The neat, readable, scholarly, affordable Dumbarton Oaks Medieval Library series has made an immense contribution to my students’ experience of medieval literature. This volume of 22 anonymous prose Old English saints’ lives supplements the three-volume set of Ælfric’s Lives of Saints and together they provide (almost) complete coverage of early medieval vernacular hagiography. This is a remarkable achievement. Most texts presented here have not been edited for at least a century, and the editors point out six (Chad, James the Greater, Machutus, Neot, Pantaleon, and a fragment on Quentin) that have not been previously published in translation. The editors have worked with sixteen manuscripts along with a range of editions to provide not only a readable set of translations, but ideal initial guides for their further study and excellent, thoughtful, editions. The notes to the texts, in particular, are superb and provide material for much further investigation into scribal interactions with these texts. Editing from manuscripts like these, which have often been subject to different programs of revision and annotation as well as experiencing different forms of damage, is immensely challenging, and the editors deserve credit both for their careful thought about whose text they want to present and for how clearly they explain those choices.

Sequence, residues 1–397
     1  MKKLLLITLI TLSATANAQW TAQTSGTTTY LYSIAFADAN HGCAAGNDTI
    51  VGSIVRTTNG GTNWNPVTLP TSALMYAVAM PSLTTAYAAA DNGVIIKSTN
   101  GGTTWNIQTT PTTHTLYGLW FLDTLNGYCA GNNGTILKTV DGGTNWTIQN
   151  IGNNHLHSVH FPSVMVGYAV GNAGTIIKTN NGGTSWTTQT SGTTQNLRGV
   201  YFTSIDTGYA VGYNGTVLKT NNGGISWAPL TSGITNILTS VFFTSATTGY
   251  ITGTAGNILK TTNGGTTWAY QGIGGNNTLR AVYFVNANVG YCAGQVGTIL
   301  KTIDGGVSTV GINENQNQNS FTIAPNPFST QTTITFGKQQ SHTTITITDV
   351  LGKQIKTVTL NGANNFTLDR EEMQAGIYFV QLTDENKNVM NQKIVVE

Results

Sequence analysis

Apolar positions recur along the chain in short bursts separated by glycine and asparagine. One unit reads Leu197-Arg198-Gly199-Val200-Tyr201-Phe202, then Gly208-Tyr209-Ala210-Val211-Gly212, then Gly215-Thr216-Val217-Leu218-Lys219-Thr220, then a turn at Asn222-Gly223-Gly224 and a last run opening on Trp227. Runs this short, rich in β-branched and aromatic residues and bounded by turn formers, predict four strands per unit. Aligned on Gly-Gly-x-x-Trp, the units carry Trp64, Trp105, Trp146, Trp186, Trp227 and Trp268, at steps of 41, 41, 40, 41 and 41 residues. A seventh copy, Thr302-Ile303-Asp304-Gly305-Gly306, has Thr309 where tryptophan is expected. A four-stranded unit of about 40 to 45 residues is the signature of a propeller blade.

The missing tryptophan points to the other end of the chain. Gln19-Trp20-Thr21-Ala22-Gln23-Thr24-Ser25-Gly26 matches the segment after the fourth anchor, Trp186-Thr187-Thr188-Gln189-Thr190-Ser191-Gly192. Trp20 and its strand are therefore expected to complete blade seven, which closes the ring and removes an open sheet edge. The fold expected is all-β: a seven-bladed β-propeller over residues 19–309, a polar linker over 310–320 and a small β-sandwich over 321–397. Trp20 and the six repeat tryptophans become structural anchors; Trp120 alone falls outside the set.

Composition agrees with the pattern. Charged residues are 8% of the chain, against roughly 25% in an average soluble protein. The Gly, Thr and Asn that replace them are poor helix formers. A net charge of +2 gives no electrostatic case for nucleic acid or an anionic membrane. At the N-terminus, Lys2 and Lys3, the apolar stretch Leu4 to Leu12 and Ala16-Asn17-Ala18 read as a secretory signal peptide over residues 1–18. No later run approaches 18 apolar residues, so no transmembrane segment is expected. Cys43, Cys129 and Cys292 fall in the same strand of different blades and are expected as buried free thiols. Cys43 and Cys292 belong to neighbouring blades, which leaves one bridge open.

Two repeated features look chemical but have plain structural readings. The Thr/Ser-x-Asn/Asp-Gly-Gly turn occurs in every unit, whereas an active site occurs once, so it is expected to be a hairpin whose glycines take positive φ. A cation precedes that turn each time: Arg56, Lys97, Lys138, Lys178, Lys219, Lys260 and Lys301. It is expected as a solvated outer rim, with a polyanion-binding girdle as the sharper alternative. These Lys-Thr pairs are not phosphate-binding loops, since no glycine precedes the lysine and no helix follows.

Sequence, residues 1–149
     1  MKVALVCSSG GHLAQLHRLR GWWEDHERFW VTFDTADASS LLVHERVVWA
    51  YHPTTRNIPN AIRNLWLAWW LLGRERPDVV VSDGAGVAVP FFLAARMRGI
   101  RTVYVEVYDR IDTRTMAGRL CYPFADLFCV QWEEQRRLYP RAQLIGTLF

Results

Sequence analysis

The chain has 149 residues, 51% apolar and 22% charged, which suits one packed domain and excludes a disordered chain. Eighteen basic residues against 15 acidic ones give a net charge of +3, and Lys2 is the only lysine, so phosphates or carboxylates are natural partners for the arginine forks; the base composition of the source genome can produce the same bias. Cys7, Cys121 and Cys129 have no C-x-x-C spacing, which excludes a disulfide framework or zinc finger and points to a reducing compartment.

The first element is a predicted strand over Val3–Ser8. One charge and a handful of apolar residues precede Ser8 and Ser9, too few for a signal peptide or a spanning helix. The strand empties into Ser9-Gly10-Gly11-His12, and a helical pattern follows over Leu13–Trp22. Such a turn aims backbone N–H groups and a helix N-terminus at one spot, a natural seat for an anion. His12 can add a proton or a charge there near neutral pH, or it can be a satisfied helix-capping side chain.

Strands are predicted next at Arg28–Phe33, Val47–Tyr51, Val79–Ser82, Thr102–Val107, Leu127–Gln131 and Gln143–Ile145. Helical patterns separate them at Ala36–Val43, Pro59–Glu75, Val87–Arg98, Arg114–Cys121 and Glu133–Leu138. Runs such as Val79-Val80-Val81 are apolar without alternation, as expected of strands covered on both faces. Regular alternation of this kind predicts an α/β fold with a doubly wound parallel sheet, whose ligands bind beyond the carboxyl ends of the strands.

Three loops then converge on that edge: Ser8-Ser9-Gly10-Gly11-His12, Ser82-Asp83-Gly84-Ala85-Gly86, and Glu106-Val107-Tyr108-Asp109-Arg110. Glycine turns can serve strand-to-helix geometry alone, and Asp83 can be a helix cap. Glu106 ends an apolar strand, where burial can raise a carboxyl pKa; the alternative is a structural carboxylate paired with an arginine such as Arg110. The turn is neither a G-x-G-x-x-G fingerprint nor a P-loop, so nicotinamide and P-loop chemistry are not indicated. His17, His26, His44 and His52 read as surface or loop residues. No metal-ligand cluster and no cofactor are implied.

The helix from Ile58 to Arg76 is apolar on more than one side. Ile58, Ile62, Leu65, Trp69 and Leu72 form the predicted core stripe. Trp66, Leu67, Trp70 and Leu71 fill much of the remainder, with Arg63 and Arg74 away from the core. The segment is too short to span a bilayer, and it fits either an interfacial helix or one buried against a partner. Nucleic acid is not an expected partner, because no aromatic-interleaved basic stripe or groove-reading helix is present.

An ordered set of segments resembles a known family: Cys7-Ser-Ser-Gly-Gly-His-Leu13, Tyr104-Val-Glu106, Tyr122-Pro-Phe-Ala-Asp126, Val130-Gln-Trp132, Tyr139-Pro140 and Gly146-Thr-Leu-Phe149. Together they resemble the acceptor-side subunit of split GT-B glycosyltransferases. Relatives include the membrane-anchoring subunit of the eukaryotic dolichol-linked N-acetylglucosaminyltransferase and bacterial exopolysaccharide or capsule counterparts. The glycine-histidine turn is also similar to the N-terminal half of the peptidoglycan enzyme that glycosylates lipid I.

This volume is a truly monumental achievement. It not only achieves the by-now standard practicality of the series; it also brings together genuinely obscure and vastly understudied texts together with more well-known pieces and renders them all readable and accessible. By contextualizing anonymous Old English saints’ lives with one another, it also calls attention to both the consistency of early medieval interest in hagiography and to the varied nature of that interest, with different styles and modes of translation on display. It is a fine platform for further and deeper exploration of translation practices, manuscript culture, linguistic variation, and hagiography in the period and is indispensable for any scholar working on or teaching these issues.
S. C. Thomson
The Medieval Review
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